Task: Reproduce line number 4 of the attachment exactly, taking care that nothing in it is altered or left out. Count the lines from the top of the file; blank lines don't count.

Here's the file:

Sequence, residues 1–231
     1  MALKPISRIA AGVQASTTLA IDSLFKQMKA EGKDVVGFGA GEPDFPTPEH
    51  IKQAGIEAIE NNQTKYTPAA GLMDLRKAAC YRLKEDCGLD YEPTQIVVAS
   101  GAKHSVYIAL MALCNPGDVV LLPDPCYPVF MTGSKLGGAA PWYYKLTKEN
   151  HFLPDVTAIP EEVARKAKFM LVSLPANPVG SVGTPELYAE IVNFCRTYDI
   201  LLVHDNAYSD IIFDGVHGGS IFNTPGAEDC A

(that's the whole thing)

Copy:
   101  GAKHSVYIAL MALCNPGDVV LLPDPCYPVF MTGSKLGGAA PWYYKLTKEN